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Caruthers v. Arkansas Department of Human Services

Court of Appeals of Arkansas, Division II

April 12, 2017

DAKOTA CARUTHERS APPELLANT
v.
ARKANSAS DEPARTMENT OF HUMAN SERVICES AND MINOR CHILD APPELLEES

         APPEAL FROM THE GREENE COUNTY CIRCUIT COURT [NO. 28JV-15-94] HONORABLE BARBARA HALSEY, JUDGE

          Tina Bowers Lee, Arkansas Public Defender Commission, for appellant.

          Andrew Firth, Office of Chief Counsel, for appellee.

          Chrestman Group, PLLC, by: Keith L. Chrestman, attorney ad litem for minor child.

          MIKE MURPHY, Judge

         Dakota Caruthers appeals the April 4, 2016 order terminating his parental rights to E.C. He argues the lower court erred in (1) denying his motion to dismiss and (2) finding termination was in E.C.'s best interest.[1] We affirm.

         I. Facts

         The Arkansas Department of Human Services (DHS) exercised emergency control over then three-month-old E.C. on May 18, 2015, upon notice that the child's parents had been incarcerated in Missouri on shoplifting charges. A little over a month later, E.C. was adjudicated dependent-neglected for inadequate supervision, because he lacked an appropriate caregiver. The case progressed through two review hearings. Caruthers did not appear for either of the hearings. The court found at both hearings that Caruthers was partially compliant with the case plan, but he had never completed the drug-and-alcohol assessment ordered. The court continued both hearings with the goal of reunification.

         DHS filed its petition to terminate parental rights on April 4, 2016, alleging the grounds of failure to remedy, failure to provide material support, subsequent factors, and aggravated circumstances. The goal of the case was changed to adoption, and the termination hearing was set for August 4, 2016. Multiple motions to continue ensued, and each one was accompanied by a written order of the court articulating good cause as to why the hearing should be moved. The hearing was eventually held on September 9, 2016, 157 days after the filing of the petition.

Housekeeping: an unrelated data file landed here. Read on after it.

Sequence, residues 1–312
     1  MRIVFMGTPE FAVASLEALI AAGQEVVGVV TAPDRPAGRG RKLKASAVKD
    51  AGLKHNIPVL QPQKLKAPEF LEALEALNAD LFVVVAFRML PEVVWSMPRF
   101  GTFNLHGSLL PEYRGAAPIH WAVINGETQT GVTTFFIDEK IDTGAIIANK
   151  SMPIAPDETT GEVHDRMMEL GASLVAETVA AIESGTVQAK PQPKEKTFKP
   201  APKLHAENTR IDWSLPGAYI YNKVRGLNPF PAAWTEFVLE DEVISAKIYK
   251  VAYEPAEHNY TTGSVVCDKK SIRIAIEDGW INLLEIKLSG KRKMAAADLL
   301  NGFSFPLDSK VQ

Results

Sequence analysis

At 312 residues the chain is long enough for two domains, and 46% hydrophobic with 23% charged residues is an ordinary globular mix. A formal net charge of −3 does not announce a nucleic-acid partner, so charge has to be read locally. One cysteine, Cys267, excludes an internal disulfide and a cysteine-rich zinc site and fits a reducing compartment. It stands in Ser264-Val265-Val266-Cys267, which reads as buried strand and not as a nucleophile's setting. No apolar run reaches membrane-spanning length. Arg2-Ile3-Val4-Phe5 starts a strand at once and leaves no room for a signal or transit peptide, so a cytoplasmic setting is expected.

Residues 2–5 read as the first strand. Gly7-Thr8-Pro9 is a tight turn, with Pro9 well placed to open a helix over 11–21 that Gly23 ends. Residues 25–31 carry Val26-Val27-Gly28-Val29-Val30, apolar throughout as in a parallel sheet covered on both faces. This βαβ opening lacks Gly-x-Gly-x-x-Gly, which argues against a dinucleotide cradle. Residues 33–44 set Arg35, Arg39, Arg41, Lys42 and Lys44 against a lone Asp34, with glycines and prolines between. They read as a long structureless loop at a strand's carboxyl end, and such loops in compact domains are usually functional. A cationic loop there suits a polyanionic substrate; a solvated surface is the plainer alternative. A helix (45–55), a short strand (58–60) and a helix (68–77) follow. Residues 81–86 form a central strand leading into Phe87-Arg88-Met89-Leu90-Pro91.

At the hearing, Holly Johnson, the DHS caseworker, testified that her main concern with Caruthers was his lack of stable housing. She testified that, while Caruthers did have housing throughout the case, he had moved all over town during that time, DHS had sometimes been unable to find him, and DHS had never been able to visit the home, despite multiple attempts. She also expressed concerns that he had changed jobs multiple times during the pendency of the case.

         Caruthers testified that, if the court allowed, he could take E.C. home with him that day-he had diapers, wipes, baby food, formula, and a crib-but he also acknowledged that he did not have stable housing. He explained that he made more money at each subsequent job he took.

         Caruthers admitted that he did not have his own place-he was living with a friend in an apartment-and that he did "have some trouble just kind of getting through life, maintaining a stable place, stable job, and making contact with the probation officers." He testified that he had been incarcerated on two more occasions while the case was ongoing.

         The court also heard testimony from an adoption specialist.

         The court terminated Caruthers's parental rights, finding that doing so was in E.C.'s best interest. The court noted that, while incarceration was the initial reason for removal, after the removal the family was unable to establish ...


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